But compared with 1900, or 1800, and certainly with any other “zero” year in history, never has so much of humanity been better off. Despite such flourishing conditions for many, the rise of grievances and constellations of people that obsess over them—victim cults—has proceeded apace. Examples can be found that range from the mild to the murderous.
Start with the former: On American campuses, selected millennials routinely worry about “microaggression,” words that might hurt or imply they are less than already accomplished. In New York City and Washington, D.C., a self-proclaimed billionaire managed to win his way to the White House by claiming to be a victim: of the media, other Republicans, and a judge. The now-president even complained of a rigged American election system until he won the White House. Those are the mild examples. What I will label as “moderate” assertions to victimhood also exist, where someone may have been victimized and thus should not be casually dismissed. They include past generations of indigenous Canadians and American minorities. The question here becomes what if anything can be done to ameliorate past harm.
On the mild side, one can charge erstwhile victims of overstating cause- and-effect links, of exaggerated or fake claims, of dredging up tragedies for monetary or political gain. Or they simply do not know their history. Depending on the example, one or more charges might stick. But if members of the victim cult were restricted only to sensitive college students or a developer/television celebrity-turned-president, the phenomenon would be of temporary interest only to sociologists and academics.
Instead, the victim assertion when combined with potential touchstones for conflict (race, religion, ethnicity, and nationalism) and linked to a justification for some action (compensation, preferential treatment, revenge) risks nitro-glycerine- like misfortune for all. The Hutus in Rwanda pre-1994 just noted is one example. There are others: Josef Stalin, Mao Tse-tung, Fidel Castro, and Pol Pot blamed their societies’ economic troubles on entrepreneurial capitalists rather than on their own economic illiteracy and tyranny. The permanent revolutionary Yasser Arafat’s self-pitying, murderous career was premised on the partial reality of some Palestinians’ displacement in 1948, but his repeated rejection of opportunities for peace harmed Palestinians more than any Israeli politician ever could.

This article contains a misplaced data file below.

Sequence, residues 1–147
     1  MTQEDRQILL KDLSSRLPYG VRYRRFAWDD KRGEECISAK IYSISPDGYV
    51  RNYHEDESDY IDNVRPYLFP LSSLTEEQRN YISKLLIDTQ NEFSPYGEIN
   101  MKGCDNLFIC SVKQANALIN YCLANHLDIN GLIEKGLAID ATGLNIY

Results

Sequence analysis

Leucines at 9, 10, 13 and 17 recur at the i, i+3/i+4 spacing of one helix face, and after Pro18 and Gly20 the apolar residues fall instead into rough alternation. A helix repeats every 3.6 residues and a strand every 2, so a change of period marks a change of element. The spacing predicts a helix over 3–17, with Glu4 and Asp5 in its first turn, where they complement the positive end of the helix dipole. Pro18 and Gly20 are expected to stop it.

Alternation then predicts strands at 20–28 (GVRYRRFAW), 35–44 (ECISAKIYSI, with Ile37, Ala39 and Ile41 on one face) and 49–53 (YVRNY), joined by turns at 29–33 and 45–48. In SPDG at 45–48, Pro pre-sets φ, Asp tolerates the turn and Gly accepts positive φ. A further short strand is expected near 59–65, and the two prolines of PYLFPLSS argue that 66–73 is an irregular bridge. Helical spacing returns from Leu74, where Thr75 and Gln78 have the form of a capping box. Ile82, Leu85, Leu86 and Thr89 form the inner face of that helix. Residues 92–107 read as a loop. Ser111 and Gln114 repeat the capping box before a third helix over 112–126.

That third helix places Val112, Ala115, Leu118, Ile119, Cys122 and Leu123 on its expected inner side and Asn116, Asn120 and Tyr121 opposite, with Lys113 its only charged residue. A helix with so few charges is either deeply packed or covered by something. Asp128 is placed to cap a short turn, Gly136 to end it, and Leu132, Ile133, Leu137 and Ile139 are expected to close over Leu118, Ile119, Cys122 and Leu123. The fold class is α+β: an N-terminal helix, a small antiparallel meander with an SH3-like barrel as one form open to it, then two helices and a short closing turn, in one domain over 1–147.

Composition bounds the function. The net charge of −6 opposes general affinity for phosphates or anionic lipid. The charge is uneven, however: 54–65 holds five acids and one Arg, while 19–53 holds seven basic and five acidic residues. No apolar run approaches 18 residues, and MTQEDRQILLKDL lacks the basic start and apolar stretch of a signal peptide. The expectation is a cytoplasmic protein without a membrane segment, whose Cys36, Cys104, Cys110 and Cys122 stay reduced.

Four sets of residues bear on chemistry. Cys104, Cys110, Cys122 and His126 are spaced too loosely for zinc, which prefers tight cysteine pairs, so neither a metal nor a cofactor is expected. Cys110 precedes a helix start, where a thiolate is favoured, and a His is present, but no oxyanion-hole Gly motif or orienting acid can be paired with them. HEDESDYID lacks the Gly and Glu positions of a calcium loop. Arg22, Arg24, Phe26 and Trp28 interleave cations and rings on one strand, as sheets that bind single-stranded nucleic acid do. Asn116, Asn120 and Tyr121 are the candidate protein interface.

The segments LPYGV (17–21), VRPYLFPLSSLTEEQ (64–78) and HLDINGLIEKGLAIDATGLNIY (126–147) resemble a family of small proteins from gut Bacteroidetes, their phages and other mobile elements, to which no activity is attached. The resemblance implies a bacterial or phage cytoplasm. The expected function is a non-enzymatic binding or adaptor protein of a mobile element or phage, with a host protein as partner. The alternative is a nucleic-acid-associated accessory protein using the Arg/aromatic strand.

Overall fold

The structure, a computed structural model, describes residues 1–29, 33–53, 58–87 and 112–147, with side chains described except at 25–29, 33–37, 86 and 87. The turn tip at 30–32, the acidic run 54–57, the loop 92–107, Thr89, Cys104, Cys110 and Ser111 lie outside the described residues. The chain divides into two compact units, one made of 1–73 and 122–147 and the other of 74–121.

The common link: An intense focus on the past, which sacrifices the future
The common link in victim cults is not a particular creed, one’s view of the state, racism, or even a destructive ideology. All can play a part, but they are not its drivers. Instead, the shared DNA in victim cultists across the centuries is a focus on actual or perceived wrongs, which then turns pathological. It becomes a way of defining oneself vis-à-vis others: I and my tribe are the victims and you are the oppressor. For some, the victim cult goes further and also becomes an ideological narrative.
Most victim narratives never reach such extremes, but the ones that do are existential threats to civilizations. Victim cults, even when anchored in actual, past tragedies and legitimate grievances stare into the abyss. The relentless focus on the past, imagined or real, sacrifices progress in the present as entirely dependent on the correction of past sins. It is an impossible and fruitless quest.
The result is that any conception of a future, any light, is submerged in the ever-deeper dark tunnel of fear, hate, and blame—a nihilism that traps all who are near it, the innocent included. Such grievance narratives can infect leaders, a small cohort or entire societies; it can and does paralyze whole countries from moving forward due to a relentless focus on the past.
From The Victim Cult: How the culture of blame hurts everyone and wrecks civilizations. Published by Thomas & Black. Copyright 2019 by Mark Milke. Foreword by Ellis Ross.
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- Mike McDonald recalls a period he regrets – as a ‘teenage vote splitter.’